“And how is that there are people who are so fucked? Here, in this country? By now?,” Conejo asked, alarmed. He continued: “This looks like Haiti, Africa…or hell. And remember, I was born in a crappy place, poverty-stricken, but, fuck, compared to this, my house was the Taj Mahal, man.”
“You don’t know what poverty is, Rabbit,” Candito finally said, moved to emerge from his silent observing.
The outsiders would soon find out that people had begun to settle the place in the 1990s, when the Crisis began. A group from the country’s East, looking for any possible solution to their misery, had emigrated to the capital. The explorers had hoped to find a way to survive, and, out of necessity and spontaneous generation, had happened upon this unpopulated area, a sort of no man’s land in which, stubbornly, they established themselves, with the stony obstinacy that grew out of their situation: This was life or death. With cardboard, pieces of wood and zinc sheeting, the pariahs had built the first dwellings and dug the first pits for their bodily wastes.
Then began a silent battle for survival of which most of the country’s inhabitants were never informed, because there was no news about it, as if the island’s Palestinians* didn’t even rate that much. Given that this was an illegal ocupation of State land, the various agencies involved, including the Police, had started to to harass the occupants, trying to drive them out.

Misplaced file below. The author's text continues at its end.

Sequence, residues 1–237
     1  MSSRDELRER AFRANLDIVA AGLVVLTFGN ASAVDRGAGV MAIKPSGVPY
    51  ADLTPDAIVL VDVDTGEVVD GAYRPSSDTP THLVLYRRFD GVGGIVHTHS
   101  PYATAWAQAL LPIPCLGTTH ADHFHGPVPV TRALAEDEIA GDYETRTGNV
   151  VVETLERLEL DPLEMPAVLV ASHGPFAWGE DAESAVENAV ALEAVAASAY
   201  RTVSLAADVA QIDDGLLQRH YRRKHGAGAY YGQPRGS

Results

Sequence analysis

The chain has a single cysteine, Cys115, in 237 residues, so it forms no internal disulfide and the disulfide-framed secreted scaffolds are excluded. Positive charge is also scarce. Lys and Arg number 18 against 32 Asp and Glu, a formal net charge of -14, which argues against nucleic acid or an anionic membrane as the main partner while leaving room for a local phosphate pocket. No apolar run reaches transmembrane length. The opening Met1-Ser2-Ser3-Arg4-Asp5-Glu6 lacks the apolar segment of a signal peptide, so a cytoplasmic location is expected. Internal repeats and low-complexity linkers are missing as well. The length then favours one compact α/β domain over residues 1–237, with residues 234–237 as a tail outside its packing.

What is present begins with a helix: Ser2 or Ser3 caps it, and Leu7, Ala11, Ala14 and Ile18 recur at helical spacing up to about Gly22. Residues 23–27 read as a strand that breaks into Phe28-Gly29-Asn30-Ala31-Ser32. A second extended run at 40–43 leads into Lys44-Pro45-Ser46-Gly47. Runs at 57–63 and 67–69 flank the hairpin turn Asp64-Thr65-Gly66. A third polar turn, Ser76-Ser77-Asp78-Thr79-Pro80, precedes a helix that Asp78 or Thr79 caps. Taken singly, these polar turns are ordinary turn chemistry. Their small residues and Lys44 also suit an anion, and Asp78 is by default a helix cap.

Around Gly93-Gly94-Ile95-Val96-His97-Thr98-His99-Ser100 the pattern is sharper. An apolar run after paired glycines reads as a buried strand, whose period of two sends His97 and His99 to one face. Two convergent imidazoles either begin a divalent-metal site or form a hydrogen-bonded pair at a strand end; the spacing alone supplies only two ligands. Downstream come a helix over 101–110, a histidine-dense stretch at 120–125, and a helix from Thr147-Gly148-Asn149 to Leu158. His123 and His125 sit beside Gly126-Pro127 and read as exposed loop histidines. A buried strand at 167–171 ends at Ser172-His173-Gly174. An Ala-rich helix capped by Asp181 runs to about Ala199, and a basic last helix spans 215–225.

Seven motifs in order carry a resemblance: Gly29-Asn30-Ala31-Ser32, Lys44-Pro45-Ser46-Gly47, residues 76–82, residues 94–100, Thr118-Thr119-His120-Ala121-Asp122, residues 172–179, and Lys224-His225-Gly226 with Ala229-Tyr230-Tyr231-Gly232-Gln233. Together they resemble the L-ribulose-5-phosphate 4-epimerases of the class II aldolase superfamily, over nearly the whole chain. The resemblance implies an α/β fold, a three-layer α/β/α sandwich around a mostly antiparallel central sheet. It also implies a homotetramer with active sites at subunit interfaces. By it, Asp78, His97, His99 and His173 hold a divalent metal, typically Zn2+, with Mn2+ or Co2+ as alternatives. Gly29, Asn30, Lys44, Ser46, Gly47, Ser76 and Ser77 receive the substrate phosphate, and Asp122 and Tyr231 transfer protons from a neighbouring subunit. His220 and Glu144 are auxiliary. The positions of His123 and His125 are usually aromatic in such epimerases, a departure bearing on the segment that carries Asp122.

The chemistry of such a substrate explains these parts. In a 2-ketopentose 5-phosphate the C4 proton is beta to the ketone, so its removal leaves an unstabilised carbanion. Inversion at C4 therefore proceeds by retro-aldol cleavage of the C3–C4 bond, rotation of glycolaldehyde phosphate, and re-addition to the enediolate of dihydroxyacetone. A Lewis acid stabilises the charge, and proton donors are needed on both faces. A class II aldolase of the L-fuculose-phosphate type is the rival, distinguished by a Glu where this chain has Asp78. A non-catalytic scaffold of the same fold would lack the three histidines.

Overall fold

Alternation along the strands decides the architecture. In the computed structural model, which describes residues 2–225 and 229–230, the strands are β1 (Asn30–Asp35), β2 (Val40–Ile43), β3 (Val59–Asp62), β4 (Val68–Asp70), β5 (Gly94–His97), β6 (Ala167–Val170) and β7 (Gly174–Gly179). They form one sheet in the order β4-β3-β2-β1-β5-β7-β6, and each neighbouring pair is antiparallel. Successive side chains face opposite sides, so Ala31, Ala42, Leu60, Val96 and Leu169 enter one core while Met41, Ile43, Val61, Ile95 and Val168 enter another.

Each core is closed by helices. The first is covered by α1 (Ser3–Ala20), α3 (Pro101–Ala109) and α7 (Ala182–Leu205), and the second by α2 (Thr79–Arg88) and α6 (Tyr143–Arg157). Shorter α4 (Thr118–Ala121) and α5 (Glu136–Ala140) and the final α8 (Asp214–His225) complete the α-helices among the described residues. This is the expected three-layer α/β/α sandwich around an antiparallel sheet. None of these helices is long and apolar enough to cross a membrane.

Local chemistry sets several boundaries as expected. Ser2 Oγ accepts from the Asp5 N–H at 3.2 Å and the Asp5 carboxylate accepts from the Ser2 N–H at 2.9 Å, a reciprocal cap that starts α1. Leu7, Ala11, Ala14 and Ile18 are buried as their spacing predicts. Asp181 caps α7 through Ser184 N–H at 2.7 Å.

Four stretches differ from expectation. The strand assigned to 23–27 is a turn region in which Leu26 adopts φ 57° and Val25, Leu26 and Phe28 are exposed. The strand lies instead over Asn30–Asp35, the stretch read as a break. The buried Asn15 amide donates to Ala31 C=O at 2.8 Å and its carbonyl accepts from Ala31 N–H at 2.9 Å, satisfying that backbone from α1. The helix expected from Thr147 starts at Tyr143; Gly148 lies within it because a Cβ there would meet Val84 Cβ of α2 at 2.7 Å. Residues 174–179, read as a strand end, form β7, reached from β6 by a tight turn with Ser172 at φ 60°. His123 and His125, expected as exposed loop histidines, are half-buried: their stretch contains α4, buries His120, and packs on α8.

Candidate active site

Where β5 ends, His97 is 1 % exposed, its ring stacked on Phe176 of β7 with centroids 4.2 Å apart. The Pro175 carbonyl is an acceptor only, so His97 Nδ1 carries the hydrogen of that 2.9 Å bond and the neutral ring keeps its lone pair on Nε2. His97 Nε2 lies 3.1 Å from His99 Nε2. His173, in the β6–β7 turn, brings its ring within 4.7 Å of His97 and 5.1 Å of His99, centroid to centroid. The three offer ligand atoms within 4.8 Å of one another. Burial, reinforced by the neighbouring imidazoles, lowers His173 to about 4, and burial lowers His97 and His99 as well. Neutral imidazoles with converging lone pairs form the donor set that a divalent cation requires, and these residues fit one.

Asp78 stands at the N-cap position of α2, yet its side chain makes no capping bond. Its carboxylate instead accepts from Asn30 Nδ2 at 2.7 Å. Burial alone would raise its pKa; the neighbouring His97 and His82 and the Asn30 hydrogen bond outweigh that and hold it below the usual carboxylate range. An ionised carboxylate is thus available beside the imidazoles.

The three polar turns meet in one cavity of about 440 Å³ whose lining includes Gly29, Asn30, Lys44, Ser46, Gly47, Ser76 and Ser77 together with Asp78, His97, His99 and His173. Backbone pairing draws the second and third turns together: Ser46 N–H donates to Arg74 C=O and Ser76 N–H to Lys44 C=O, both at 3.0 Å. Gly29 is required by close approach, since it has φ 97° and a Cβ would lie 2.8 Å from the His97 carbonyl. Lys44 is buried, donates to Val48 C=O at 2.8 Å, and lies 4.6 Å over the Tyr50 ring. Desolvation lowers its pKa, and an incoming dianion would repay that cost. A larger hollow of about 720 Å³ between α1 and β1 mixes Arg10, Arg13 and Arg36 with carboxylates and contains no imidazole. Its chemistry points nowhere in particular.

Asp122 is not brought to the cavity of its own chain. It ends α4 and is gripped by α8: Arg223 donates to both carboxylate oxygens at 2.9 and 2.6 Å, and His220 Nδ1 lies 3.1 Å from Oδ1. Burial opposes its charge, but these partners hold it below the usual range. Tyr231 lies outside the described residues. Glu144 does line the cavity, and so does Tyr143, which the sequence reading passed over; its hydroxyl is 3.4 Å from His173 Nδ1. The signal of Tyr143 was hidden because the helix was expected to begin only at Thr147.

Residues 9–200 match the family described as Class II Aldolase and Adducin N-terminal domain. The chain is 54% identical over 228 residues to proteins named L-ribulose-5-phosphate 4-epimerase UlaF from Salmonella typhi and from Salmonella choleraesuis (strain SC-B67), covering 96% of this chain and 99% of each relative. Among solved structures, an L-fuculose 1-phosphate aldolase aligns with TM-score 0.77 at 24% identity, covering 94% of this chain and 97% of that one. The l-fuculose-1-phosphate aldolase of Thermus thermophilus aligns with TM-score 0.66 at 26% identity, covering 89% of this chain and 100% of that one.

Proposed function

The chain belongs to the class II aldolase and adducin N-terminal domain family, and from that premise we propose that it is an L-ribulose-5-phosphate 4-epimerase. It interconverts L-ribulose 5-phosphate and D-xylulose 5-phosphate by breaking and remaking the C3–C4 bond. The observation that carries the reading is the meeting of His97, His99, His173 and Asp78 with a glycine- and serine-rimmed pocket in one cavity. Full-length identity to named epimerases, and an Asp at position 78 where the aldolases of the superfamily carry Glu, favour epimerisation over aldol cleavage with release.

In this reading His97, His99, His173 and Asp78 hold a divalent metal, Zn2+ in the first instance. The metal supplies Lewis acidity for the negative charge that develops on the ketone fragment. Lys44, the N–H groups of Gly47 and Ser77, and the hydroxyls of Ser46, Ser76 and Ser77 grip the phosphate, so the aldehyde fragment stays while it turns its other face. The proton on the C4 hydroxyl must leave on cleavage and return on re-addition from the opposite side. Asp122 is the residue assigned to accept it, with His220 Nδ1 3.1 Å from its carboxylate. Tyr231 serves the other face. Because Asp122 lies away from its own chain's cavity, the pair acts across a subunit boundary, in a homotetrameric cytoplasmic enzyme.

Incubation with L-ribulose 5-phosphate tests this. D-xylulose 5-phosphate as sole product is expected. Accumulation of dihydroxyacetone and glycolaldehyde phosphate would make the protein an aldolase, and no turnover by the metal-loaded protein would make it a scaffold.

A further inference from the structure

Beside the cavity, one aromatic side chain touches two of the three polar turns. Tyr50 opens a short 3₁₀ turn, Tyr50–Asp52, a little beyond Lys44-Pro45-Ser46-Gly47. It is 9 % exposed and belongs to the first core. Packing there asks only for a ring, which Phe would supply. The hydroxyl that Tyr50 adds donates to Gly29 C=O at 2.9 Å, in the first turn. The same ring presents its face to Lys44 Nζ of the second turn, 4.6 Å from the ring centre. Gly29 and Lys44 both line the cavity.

But every attempt at eviction was followed by the return of the displaced, accompanied each time by new, desperate familiies who kept coming from all parts of the country to join the founders. Overnight, they would rebuild their rustic houses where the old ones had been torn down, and they would build new ones on nearby lots, and there they would plant their flag, like the conquistadores they were.
Responding to repeated attempts at expulsion, the residents of the unnamed slum started to raise barricades of necessity against offensives by the forces of legality. Cordons of children and women – if they were pregnant so much the better – were designed to block police cars, as well as the pitiless bullozers manned by squads of builders who had become demolishers.
The fight went on for several years, maintained by the absence of other options for people determined to survive, without water and sewer service, electricity, and even without the little book that guaranteed the nation’s citizens a subsistence diet at subsidized prices.
It was a fight in which the people under assault had nowhere to retreat. So they stayed determined and strong. Thanks to all that perseverance and desperation, they won a pyrrhic victory: Up against the impossibility of offering them any alternative that included conditions of even minimal dignity, someone had decided to look the other way and let them maintain their insecure existence, on condition that they remain invisible.
*Cuban slang for people who come to Havana from Cuba’s eastern provinces.